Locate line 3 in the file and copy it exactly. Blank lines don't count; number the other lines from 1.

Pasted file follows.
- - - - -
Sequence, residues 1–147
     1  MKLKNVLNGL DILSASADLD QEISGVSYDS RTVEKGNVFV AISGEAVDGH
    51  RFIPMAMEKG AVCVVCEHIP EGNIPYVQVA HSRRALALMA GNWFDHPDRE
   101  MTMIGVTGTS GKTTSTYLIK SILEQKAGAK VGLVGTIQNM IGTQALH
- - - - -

    51  RFIPMAMEKG AVCVVCEHIP EGNIPYVQVA HSRRALALMA GNWFDHPDRE